According to the National Institutes of Health, anxiety is the most common mental disorder in the U.S., affecting about 18-percent of the population. It manifests in many ways, including through panic attacks, social anxiety disorder, and full-blown depression.
Anxiety disorder manifests itself in many ways. Whether through full-on panic attacks, various social anxiety disorders, or clinical depression, a large number of people suffer from the often debilitating disorder.
The Anxiety and Depression Association of America has also found that women are twice as likely to deal with anxiety disorders as men.
More and more female celebrities are stepping out from the shadows of anxiety and into the light in hopes of helping others that suffer the same as they do or did.
Here are just a few of those brave women:
Academy Award-winner Emma Stone opened up two years ago to the Wall Street Journal about suffering from crippling anxiety when she was younger.
“It was really bad,” she said. “I would ask my mom to tell me exactly how the day was going to be, then ask again 30 seconds later.” To cope, she started acting to help her focus. “Acting forces me to sort of be like a zen master,” Stone said. “What is happening right in this moment?”
Actress and comedienne Sarah Silverman is one of the funniest women on the planet, so it’s hard to picture her struggling with serious depression as a teenager and a young adult, but she did and found her way through the darkness.
“My whole perspective changed,” she told Glamour about the onset of the illness. “I went from being the class clown to not being able to see life in that casual way anymore.” Silverman struggled with depression again in her twenties as a writer on SNL. “Since then I’ve lived with depression and learned to control it, or at least to ride the waves as best I can,” she said. “The dark years and those ups and downs—chemical and otherwise—have always informed my work; I believe being a comedian is about exposing yourself, warts and all.”
Adele has one of the most powerful voices ever heard and had 10 million Americans vying for 750,000 tickets to her U.S. leg of her tour, Adele 2016. But, did you know that she suffers from massive anxiety attacks before she takes the stage at her concerts? Adele told Rolling Stone in 2011:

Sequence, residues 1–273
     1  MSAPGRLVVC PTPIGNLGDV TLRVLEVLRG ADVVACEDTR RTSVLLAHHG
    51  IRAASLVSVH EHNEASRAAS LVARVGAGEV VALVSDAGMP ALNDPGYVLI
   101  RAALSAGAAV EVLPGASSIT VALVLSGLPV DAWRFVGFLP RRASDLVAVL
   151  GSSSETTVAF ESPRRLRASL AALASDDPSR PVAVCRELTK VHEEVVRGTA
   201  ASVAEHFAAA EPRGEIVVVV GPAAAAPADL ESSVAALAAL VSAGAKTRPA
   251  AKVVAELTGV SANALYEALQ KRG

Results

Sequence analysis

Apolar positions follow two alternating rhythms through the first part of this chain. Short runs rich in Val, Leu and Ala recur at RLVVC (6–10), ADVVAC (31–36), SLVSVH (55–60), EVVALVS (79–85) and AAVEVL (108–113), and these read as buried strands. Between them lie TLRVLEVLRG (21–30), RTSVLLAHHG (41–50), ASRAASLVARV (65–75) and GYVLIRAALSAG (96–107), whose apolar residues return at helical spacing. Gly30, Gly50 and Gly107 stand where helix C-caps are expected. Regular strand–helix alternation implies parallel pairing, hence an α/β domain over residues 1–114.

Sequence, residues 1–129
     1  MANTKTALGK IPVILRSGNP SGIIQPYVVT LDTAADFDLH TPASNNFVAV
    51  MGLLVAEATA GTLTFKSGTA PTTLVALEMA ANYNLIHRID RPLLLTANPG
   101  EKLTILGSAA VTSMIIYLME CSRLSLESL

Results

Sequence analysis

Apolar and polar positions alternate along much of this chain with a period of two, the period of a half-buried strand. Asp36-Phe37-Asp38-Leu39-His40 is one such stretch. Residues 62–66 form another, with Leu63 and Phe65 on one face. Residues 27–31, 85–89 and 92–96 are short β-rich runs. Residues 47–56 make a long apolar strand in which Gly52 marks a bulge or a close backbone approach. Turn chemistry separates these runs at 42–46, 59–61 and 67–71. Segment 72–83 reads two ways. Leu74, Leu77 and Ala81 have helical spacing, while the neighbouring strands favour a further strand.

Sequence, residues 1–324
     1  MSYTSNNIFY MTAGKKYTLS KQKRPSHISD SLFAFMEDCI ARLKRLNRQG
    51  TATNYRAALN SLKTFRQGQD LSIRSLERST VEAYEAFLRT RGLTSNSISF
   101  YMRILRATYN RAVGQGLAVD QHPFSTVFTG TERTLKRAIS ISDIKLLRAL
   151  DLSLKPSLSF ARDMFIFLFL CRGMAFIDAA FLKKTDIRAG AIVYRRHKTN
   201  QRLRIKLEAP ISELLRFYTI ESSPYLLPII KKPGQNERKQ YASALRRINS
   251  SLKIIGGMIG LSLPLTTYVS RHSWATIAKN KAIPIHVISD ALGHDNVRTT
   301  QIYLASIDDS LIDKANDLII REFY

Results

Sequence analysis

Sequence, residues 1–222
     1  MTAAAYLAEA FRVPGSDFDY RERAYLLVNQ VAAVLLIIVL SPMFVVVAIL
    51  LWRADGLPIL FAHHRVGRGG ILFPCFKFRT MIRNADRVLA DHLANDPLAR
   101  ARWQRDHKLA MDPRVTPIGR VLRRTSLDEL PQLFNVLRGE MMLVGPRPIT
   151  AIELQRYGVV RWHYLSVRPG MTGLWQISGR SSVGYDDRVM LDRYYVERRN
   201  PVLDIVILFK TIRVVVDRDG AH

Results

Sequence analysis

To cope, she turns to Beyoncé—or rather her own version of Beyoncé’s alter egos Sasha Fierce and June Carter. “I was about to meet Beyoncé and I had a full-blown anxiety attack,” she told Rolling Stone. “Then [Beyoncé] popped in looking gorgeous, and said, ‘You’re amazing! When I listen to you I feel like I’m listening to God.’…I went out on the balcony crying hysterically, and I said, ‘What would Sasha Fierce do?’ That’s when Sasha Carter was born.”
While filming season five of Girls, Lena Dunham took to Instagram to explain the brain-body connection that keeps her in check:
“[Exercise] has helped with my anxiety in ways I never dreamed possible,” she wrote. “To those struggling with anxiety, OCD, depression: I know it’s mad annoying when people tell you to exercise, and it took me about 16 medicated years to listen. I’m glad I did,” she continued. “It ain’t about the ass, it’s about the brain.”
While other celebs are opening up about natural supplements, eating healthy, and exercise to deal with their anxiety, Amanda Seyfried has not been shy when it comes to talking about taking prescription medication to deal with her O.C.D. Last October, she discussed using Lexapro, an SSRI commonly taken for anxiety and depression with Allure:
“I’ll never get off of it. Whether it’s placebo or not, I don’t want to risk it,” she said. She went on to address the stigma of using medication to manage mental health issues: “What are you fighting against? Just the stigma of using a tool? If you can treat it, you treat it.”